The weather forecast is in the single digits, the sky is cloudy and dark, it seems like a terrible time for hiking in winter, right? Why on earth would you want to go hiking in that weather? Quite apart from the weather, there’s the extra work to go to, in cleaning off muddy boots and scraping ice of the windshield… some days it seems so much easier to stay inside in your pyjamas and slippers.
Stay with me here, because there are some amazing things about hiking in winter.
Less people on the trail
When the weather’s cooler, its easier to get a park at busy spots, and there’s more opportunities to see wildlife, as they are less likely to be scared off by other hiking groups. The good news is that the people you do meet tend to be more friendly too! Animals that tend to avoid the middle of the day such as wombats are also more often found throughout the day in winter – so keep your cameras handy!
While the trail might be muddy and slippery, you often get to see some unique experiences – the forest disappearing into the mist, sunlight shining on a spiderweb, the smell of moss on the rocks. Often during summer, a creek might be a muddy pond, but during winter you might see rapids, clear water with fish in it, and beautiful rushing waterfalls. Unique creatures such as the endangered carnivourous Otway snail are rarely seen in the heat of summer, but love the cool of winter.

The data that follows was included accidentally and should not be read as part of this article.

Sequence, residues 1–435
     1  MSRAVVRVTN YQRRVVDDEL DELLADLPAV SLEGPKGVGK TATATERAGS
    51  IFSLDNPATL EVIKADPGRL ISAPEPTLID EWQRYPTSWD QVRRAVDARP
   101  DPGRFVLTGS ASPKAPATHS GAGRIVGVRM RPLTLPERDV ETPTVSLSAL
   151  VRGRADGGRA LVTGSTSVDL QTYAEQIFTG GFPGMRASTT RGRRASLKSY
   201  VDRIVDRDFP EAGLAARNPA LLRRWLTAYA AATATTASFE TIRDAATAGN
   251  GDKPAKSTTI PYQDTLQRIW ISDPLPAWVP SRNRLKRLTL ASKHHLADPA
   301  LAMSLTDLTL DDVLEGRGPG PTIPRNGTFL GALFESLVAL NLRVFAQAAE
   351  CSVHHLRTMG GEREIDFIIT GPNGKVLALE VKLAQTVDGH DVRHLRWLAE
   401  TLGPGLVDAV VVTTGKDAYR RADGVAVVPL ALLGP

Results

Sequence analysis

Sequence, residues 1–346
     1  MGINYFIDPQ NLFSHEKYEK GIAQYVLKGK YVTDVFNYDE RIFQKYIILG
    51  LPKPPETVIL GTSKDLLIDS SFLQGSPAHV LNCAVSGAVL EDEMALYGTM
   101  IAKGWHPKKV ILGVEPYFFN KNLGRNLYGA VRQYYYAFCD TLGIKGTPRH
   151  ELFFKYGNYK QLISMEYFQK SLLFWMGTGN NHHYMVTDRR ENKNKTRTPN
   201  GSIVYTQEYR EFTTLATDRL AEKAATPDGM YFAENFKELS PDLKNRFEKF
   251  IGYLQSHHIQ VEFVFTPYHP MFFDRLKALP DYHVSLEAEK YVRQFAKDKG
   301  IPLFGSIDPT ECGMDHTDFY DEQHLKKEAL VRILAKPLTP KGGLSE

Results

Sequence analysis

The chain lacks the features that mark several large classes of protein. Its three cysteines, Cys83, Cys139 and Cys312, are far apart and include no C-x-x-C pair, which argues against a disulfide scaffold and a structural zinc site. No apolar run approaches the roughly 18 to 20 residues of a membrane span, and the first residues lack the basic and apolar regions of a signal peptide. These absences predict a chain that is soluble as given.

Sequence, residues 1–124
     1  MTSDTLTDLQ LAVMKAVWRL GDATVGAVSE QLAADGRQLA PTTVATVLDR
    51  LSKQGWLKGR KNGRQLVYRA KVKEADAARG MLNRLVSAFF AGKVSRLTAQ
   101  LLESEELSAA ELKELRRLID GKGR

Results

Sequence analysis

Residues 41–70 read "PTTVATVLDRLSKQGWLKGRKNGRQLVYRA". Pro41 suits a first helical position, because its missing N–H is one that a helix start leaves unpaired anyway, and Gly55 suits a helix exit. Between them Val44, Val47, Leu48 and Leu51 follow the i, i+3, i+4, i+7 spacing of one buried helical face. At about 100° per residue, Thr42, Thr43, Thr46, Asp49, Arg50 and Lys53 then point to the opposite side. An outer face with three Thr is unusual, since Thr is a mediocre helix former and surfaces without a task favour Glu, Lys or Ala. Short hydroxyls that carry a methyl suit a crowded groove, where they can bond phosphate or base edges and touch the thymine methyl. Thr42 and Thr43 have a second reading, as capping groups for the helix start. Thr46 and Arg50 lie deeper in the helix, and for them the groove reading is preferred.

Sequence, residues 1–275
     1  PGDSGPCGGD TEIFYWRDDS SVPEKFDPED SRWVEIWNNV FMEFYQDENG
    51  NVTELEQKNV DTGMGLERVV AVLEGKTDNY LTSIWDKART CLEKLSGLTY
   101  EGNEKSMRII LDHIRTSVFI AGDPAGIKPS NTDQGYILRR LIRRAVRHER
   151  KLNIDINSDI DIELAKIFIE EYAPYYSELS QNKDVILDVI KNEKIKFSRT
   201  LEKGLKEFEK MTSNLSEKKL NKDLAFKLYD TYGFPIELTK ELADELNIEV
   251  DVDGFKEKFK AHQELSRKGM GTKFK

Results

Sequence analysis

Less worry about water
While winter hiking does require the right gear, one of my favourite things is not having to carry 2-3 kilograms worth of water. One litre of water is more than enough for most day hikes, as you’re not sweating so much. Also, you might be carrying less water, but you’re also worrying less about how much water you’ll need for the rest of the day.
Boosting your mental health
A lot of us feel down in winter – while we might not not experience the severe depression and withdrawal of Seasonal Affective Disorder, many of us feel listless, down and sleepy. Getting outdoors and exercising when its cold is a good way to stave off the winter blues, and turn around our emotional state.
Building up tolerance to the cold
Since I’ve been hiking all year round, and not just through the warmer months, I’ve found that my internal thermostat deals much better with the cold. Our modern, climate-controlled lifestyle often results in rushing between heated cars to offices to homes, we miss out on actually experiencing the cold, when we actually do get used to feeling the cold, it becomes much easier to cope with during the rest of our lives.
Giggles on the trail
In the cooler months, getting stuck in the rain is going to be a bit miserable. It’s actually going to suck. But when you’re with friends, some amazing things happen. When you choose not to fight the miserable weather, and the cold, and the wet, and have fun regardless – when you choose to embrace that suckiness and just jump in, have some giggles, see some beautiful surroundings and challenge yourself to go beyond what’s comfortable.
Getting warm at the end of the day
One of the best parts for me about hiking in winter is the warmth and satisfaction of stripping off your cold wet clothes and change into dry ones (Protip: bring an old towel and a change of clothes for the car), and getting home to look at the photos of your adventure, and tuck into some soup or stew that you’ve had going in the slow cooker all day.
So that’s it! My reasons for hiking during winter. What have your winter experiences been? We want to hear about them!
Also, coming up we have some helpful tips about pitfalls of winter hiking, and what gear you might need.
Have I convinced you that hiking in winter isn’t so bad? See what winter fun is coming up for Escaping Your Comfort Zone members on Meetup!